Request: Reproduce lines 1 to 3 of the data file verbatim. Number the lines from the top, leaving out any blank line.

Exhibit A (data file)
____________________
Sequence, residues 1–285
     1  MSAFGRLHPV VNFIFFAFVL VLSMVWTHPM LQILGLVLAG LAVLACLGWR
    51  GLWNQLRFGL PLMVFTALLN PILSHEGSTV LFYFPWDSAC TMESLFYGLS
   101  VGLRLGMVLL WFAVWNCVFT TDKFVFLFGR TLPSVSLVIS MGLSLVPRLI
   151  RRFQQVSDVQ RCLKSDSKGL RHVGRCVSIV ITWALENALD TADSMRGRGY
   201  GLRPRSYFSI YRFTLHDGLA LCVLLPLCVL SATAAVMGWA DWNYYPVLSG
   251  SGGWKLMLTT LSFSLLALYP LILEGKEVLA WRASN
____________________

Sequence, residues 1–285
     1  MSAFGRLHPV VNFIFFAFVL VLSMVWTHPM LQILGLVLAG LAVLACLGWR
    51  GLWNQLRFGL PLMVFTALLN PILSHEGSTV LFYFPWDSAC TMESLFYGLS